“My teaching practice is heavily shaped by the desire to better understand and speak to students’ current understanding and challenges by confronting them with concrete challenges, seeking to help alert them to both opportunities but risks that they need to navigate, and to encourage honest reflection on mistakes as part of a commitment to ongoing improvement.”

ACM Distinguished Scientist

Computer science professor Carl Gutwin was selected as a Distinguished Scientist by the Association for Computing Machinery (ACM), the world’s largest educational and scientific computing society. The award celebrates the exceptional contributions of leading members in the computing fields. He was one of only three Canadians to make the list in 2015.

In addition to teaching in the department, Gutwin is also the director of the Human-Computer Interaction (HCI) laboratory, which studies and innovates the way in which humans and computers interact. With computing technology now permeating everyday life, the group’s diverse interests range from physical interactions—such as creating novel gestural and tangible interfaces, to emotional interactions—such as studying the effects that personal traits have on how people interact with technology.

Outstanding Young Computer Science Researcher

Dr. Regan Mandryk received the Outstanding Young Computer Science Researcher Prize (2015) from the Canadian Association of Computer Science (CACS).

Dr. Regan Mandryk is one of Canada’s top researchers in Human-Computer Interaction, particularly in the areas of game research and affective computing. She is an extremely productive scholar with more than 100 publications, and both she and her work have received numerous awards. Dr. Mandryk and her students have made several important contributions to knowledge, all of which have had substantial impact on the research community.

For example, Dr. Mandryk developed the first models of emotional response in computer games, which enable games to adapt themselves to the player’s emotional state; she invented new techniques for player balancing that allow people of widely different skill levels to play together in competitive games; and she developed new techniques for persuasive computing that have been applied in a range of systems – from helping people make healthy food choices, to helping children with FASD improve their ability to concentrate. Dr. Mandryk’s research program is innovative and highly collaborative, provides expert training for a large number of students and other highly qualified personnel, and has attracted substantial interest from several industrial partners.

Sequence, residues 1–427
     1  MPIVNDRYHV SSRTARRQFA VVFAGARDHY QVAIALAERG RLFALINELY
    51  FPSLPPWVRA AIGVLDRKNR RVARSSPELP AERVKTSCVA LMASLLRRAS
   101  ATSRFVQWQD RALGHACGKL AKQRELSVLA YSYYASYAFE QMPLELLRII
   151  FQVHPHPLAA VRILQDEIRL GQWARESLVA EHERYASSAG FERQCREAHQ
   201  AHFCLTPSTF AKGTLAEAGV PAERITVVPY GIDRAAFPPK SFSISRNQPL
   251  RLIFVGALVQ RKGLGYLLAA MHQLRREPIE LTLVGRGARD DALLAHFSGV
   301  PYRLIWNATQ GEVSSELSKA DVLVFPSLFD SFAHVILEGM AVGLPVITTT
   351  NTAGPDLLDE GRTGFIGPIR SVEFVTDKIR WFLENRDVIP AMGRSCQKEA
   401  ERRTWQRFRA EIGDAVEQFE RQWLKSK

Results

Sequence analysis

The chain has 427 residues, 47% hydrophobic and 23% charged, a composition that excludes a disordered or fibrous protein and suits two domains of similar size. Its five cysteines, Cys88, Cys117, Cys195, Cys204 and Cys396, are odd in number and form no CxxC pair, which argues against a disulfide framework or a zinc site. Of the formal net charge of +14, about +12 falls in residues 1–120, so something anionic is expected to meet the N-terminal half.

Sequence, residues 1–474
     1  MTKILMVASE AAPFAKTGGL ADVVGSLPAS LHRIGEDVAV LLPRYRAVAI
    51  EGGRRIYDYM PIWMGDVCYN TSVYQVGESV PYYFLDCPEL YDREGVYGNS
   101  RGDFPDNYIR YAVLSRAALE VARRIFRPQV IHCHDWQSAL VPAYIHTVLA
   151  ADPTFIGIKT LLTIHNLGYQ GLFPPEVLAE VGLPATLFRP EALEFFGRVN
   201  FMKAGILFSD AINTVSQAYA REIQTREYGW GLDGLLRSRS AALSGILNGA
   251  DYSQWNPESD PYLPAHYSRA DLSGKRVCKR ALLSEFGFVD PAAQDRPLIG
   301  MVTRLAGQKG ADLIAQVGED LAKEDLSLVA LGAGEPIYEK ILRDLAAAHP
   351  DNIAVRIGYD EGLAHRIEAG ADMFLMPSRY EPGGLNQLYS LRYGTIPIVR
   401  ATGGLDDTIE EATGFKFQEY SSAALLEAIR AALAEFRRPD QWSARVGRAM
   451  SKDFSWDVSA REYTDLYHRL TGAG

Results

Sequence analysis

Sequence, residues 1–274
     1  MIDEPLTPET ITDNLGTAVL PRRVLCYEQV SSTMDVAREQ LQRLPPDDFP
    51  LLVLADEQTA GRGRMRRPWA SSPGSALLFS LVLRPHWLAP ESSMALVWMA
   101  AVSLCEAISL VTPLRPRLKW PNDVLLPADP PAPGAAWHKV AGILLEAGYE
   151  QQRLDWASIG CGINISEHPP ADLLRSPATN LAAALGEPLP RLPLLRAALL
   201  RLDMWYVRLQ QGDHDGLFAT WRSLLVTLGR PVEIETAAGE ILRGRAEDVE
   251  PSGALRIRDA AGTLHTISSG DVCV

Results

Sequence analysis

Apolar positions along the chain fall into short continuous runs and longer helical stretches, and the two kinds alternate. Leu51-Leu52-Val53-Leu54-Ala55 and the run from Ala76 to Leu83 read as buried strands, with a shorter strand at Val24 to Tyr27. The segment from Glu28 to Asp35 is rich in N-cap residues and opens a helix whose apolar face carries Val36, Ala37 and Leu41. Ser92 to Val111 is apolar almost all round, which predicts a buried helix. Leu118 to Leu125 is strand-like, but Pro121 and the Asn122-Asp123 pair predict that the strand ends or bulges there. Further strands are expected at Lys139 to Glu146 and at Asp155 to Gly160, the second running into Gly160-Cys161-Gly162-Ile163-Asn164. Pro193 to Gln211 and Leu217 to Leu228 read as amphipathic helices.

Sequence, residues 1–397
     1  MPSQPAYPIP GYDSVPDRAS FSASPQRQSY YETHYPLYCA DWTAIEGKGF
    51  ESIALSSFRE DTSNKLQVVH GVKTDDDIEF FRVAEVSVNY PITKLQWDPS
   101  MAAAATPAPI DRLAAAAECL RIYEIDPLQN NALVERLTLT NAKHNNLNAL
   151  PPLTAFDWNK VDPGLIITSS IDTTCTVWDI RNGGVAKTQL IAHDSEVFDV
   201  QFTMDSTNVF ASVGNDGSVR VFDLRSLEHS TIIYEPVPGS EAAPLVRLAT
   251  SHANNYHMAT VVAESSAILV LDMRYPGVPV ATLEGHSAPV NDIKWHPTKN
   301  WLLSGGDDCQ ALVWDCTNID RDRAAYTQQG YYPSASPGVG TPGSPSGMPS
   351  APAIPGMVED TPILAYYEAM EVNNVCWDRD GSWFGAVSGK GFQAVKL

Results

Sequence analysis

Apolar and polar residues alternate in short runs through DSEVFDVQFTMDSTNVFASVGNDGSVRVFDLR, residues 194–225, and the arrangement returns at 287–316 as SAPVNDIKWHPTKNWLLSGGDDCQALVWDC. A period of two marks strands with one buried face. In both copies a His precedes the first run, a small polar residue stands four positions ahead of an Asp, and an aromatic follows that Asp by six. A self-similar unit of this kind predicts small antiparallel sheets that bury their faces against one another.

Dr. Regan Mandryk received the New Researcher Award, one of the University of Saskatchewan’s top faculty awards at the 2015 Fall Convocation ceremony. In less than 10 years, Regan Mandryk has built a soaring reputation as a groundbreaking computer science researcher. Mandryk is internationally recognized as a leader in the field of human-computer interaction, and particularly in the area known as affective computing: developing systems that can read and interpret human emotions.

A breakthrough affective computing model built by Mandryk laid the foundation for tools and research now in use at major software companies such as Electronic Arts and Valve. These companies use the model to test video game and software prototypes, observing directly how much fun or frustration their users are experiencing. Future video games based on this approach might adapt in real-time to the user’s emotional responses.

Mandryk is also a leader in the “serious games movement,” which applies video games to address real-world issues. She has built methods to help children with neurological disorders regulate their emotions or perform therapeutic exercise through games, and has pioneered the design of exercise games that help elderly people and people in wheelchairs become active.

YWCA Women of Distinction Award in Research and Technology

Dr. Julita Vassileva was awarded the prestigious YWCA Women of Distinction Award for Research and Technology on Thursday, May 28, 2015. Vassileva is an internationally recognized researcher in user modeling. Her passion lies in promoting the advancement of women and minorities in the field of computer science. She was the NSERC Cameco Chair for Women in Science and Engineering for the prairies from 2005-2011, and developed an innovative outreach program, Science Ambassadors, promoting enriched learning in remote Aboriginal communities. Vassileva is a string mentor who secures essential grant funding, and many of her students have gone on to achievements such as the NSERC Vanier Scholarship, careers with technology giants, and papers published in numerous research journals. She is deeply committed to diversity and respect.

USSU Teaching Excellence Award